As technology advances, cameras become smaller, cheaper and easier to hide.
If you’re unaware of cameras in a vacation rental, that could be a major violation of your privacy.
There are some laws and policies that offer some protections for people staying in vacation homes.
Hidden camera laws
Recording video in private spaces, especially if it includes sound, is a crime in many states.
In Michigan, it is not a crime for owners of rental properties to set up video-only cameras (meaning no audio) and record their guests without their guests’ knowledge. Unless the recording is for a “lewd” or “lascivious” purpose. If people are being recorded for “lewd purposes” in Michigan then it is a crime.
Florida is similar in that there appears to be no criminal statute which outright prohibits non-audio surveillance in a residential structure unless the recording is being used for “amusement, profit, or other similar improper” reasons.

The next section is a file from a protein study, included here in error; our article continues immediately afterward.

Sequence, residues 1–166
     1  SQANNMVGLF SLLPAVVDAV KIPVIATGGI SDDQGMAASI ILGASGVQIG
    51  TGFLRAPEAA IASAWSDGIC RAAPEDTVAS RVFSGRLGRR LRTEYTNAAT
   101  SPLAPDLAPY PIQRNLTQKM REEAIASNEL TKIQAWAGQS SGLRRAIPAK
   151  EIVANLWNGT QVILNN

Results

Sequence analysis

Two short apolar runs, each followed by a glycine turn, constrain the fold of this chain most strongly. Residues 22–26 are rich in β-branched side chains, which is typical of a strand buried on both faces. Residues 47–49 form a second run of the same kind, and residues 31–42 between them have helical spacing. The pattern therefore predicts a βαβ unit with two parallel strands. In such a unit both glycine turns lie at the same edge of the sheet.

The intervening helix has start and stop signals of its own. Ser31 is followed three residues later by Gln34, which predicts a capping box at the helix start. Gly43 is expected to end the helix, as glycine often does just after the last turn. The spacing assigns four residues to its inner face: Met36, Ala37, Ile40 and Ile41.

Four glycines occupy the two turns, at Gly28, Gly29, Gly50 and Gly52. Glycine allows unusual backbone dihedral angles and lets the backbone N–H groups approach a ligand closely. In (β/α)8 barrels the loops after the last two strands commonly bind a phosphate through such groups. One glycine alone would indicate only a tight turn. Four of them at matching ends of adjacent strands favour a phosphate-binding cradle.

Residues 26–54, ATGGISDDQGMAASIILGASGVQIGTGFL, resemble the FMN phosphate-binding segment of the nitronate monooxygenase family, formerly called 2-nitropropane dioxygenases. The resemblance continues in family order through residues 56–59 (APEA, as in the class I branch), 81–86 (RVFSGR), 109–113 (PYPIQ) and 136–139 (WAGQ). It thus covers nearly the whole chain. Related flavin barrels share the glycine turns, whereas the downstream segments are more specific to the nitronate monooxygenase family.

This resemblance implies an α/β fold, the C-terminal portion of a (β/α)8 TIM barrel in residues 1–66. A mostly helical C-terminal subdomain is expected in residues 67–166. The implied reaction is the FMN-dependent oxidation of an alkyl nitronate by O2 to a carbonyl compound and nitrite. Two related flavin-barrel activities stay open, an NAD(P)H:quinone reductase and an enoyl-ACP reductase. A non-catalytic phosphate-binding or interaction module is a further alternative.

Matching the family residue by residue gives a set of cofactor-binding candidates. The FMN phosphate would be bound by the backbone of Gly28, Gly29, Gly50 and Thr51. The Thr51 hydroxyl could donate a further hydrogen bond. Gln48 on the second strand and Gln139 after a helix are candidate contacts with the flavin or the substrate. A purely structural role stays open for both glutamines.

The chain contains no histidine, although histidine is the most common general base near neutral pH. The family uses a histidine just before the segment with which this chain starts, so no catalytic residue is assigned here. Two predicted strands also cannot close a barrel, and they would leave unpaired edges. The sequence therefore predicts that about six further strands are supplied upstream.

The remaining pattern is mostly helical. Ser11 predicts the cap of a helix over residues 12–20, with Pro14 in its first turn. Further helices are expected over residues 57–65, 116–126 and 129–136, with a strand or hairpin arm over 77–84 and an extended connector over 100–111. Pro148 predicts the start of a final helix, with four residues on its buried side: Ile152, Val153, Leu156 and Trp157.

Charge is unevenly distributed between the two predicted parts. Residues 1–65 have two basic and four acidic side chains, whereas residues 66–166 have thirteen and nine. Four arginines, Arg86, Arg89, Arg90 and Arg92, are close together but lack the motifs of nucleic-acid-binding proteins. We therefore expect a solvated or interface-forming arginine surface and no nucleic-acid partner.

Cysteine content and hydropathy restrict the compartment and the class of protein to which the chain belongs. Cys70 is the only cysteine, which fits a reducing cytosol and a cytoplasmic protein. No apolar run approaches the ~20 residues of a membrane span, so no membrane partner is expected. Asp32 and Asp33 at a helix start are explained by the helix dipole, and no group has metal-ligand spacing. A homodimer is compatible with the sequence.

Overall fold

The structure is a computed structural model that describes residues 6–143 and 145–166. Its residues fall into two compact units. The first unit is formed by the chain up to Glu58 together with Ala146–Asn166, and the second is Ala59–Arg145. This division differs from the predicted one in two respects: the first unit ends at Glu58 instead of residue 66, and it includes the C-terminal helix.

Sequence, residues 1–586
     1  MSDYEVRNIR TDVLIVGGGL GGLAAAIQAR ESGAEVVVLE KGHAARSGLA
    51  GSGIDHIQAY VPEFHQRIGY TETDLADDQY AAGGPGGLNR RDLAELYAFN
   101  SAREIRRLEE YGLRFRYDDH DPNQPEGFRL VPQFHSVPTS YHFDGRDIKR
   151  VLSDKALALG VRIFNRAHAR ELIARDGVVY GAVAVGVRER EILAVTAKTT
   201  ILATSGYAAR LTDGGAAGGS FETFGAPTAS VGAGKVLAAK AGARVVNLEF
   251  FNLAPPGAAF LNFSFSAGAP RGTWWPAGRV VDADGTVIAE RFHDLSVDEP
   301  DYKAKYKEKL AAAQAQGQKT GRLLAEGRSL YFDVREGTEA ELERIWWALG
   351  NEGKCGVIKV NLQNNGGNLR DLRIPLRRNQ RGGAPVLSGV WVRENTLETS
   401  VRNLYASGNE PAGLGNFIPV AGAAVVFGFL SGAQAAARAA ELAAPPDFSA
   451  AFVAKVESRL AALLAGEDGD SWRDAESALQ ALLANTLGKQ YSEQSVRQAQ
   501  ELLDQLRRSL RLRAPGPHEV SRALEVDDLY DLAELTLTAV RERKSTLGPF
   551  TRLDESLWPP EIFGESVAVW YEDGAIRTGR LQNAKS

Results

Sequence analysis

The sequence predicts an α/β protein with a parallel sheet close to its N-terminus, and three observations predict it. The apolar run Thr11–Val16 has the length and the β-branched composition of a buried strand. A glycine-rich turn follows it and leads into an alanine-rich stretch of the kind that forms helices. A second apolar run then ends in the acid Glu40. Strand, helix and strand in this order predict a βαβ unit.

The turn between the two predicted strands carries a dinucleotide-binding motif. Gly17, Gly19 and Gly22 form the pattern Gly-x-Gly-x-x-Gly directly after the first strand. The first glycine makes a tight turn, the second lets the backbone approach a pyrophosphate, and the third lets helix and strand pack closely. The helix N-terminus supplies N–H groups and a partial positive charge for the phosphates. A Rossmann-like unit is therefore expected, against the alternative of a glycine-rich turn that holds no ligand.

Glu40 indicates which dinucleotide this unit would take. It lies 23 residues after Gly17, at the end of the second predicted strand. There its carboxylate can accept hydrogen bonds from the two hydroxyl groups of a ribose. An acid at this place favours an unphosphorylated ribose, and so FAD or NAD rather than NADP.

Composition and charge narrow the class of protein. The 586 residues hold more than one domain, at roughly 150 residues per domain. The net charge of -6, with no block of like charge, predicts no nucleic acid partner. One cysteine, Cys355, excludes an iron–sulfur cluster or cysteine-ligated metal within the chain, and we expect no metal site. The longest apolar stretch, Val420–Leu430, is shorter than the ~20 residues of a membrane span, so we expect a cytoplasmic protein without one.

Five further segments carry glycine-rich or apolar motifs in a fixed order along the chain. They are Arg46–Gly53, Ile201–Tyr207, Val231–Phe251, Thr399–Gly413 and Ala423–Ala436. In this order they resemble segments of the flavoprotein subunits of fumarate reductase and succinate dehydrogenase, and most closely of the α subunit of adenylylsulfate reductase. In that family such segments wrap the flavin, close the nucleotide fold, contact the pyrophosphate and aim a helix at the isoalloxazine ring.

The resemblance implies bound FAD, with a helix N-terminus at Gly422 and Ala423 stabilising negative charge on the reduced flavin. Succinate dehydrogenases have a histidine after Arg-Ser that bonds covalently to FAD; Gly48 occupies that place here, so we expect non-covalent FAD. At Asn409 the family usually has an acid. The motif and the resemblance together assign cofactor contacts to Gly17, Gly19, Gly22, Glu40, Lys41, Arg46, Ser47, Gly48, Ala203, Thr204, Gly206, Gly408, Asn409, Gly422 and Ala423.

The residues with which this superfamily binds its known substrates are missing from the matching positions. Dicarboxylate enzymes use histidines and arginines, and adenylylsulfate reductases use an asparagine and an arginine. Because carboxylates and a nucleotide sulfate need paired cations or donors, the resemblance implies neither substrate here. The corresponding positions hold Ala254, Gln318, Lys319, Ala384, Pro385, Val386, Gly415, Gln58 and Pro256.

Vacation rental policies
Regardless of the laws, vacation rental companies have their own policies regarding audio and video recording in a rental property.
Vrbo has a policy that surveillance devices, which include video or audio recording, can’t be used inside of a property. Security devices and smart doorbells outside of the property are allowed to record audio and video if they follow certain rules. They must be for security purposes and the renters must be made aware of them.
Airbnb has a policy that does allow security cameras and noise monitoring devices as long as they are disclosed in the listing description and “don’t infringe on another person’s privacy”. Airbnb allows cameras in public spaces and common areas as long as the renter is aware. Monitoring devices have to be installed where people can see them and they should not monitor bedrooms, bathrooms or other areas that